A few other family friends had come to help and even the school system my brothers attended donated money and materials so we could get by. It wasn't my grandparents, it wasn't my uncles, cousins. It was friends who truly cared and work mates who adored my family and myself.

3. Triggers and PTSD

I still have them, even after an entire year. Winter is the worse time of the year. The smell of woodstoves plagues the cold winter air, sending a panic feeling to course through the body, thus resulting into an endless and meaningless search to find the culprit of the odor.

My first true panic attack was at midnight and it was triggered by absolutely nothing. Every time I tried to call out for someone to come help me all they escaped was gasp for breath. It felt like I was suffocating I remember trembling in my bed until 3AM when sleep finally decided to take me away from it all. I was so cold too.

I ended up forcing my mind to focus on things that made my happy and that mainly was my brothers, especially my little nine year old brother who always managed to make me smile and laugh.

4. Guilt

From the time I wake up to the time I go to sleep my mind is a jungle of pure regrets. I think about how I should have never bought that house and how nothing horrible would have happen to my family if I didn't. We lost everything that was precocious to us. I'm not talking about TV's or PS4's. Those are replaceable. I'm talking about baby pictures, photo albums, my sisters ashes and my 26 year old Teddy bear, my cats.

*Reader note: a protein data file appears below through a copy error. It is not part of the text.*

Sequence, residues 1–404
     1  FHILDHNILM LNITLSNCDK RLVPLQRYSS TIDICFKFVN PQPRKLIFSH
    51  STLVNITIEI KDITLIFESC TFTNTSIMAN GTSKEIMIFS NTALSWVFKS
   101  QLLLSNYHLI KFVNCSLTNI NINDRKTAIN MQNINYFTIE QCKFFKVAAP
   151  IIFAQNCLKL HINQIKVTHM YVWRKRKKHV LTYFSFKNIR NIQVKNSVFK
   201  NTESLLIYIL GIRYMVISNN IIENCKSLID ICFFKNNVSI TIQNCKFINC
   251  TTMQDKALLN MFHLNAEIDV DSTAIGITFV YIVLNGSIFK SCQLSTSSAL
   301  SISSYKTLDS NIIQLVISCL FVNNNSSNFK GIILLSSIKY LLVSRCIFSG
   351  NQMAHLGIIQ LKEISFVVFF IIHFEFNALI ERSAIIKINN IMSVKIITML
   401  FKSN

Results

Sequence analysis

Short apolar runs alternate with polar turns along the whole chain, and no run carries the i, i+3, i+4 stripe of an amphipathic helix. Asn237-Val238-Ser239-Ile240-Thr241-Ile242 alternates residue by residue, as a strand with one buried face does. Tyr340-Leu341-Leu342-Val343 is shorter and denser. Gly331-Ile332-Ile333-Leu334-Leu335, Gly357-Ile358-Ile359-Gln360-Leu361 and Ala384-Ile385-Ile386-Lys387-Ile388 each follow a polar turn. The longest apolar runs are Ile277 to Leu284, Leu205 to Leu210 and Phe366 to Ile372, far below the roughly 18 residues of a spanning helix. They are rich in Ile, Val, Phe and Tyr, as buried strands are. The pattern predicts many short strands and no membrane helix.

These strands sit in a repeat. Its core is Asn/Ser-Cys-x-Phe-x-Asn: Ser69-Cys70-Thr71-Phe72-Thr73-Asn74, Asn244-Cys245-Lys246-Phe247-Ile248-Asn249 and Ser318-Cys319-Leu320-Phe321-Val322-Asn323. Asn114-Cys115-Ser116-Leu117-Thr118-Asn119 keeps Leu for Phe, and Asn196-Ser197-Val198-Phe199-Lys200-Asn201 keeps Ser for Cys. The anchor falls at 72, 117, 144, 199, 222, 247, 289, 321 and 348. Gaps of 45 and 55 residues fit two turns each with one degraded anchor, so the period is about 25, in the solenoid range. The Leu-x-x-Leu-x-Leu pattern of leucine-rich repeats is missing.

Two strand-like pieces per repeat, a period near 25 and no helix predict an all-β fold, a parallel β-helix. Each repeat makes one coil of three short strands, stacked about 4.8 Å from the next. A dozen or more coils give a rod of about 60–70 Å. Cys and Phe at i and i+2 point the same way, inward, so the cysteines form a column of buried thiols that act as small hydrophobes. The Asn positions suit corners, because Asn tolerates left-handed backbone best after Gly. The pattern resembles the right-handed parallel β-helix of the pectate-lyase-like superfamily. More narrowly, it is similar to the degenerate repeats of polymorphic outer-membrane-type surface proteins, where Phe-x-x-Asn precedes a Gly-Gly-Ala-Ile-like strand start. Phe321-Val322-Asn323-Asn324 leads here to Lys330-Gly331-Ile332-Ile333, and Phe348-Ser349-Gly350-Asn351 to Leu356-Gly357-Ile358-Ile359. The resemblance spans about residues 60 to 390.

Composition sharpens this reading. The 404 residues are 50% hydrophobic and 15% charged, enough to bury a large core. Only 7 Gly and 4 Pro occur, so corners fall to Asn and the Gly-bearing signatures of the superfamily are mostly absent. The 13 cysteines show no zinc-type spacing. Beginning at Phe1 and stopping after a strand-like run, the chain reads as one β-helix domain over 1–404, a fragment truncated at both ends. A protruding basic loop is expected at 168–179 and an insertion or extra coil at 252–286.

Those things aren't replaceable and if my parents and I had gone to work we would have lost two of my younger brothers too as they both went to bed normally at 8pm.

Living with that would be something I'm not strong enough for.

But living with the thought it could have happen is a hell on it's own.

I tell myself every day, it wasn't my fault. I could have never known it was going to happen.

5. Never think it won't happen to you

A week before my house went down, another house fell to the flames of a burtal fire. I remember sitting on my four wheeler thinking. "Damn that sucks." but my mindset was "it won't happen to me though."

Oh how funny life can be.

I quickly ditched that "it won't happen to me" because you never know what fate has instore for you.

So that's it. Five things Trauma has taught me.

You may be wondering why I'm sharing this.

Well my dear reader, if you made it this far into my work I want you to take something from this. I want you to know that your trauma isn't your fault, may it be abuse or loss of something vaule to you.

I want you to know that you CAN fight the demons that force you into a fit of panic.

I want you to know there is someone out there who cares about you. And fi you think no one doesn't. You're wrong.

Because I care.

And if my readers should ever need a listening ear.

Know that I am here and I will listen.


About the author


When you lose everything in a tragedy, you begin to value everything, even if they're small or silly.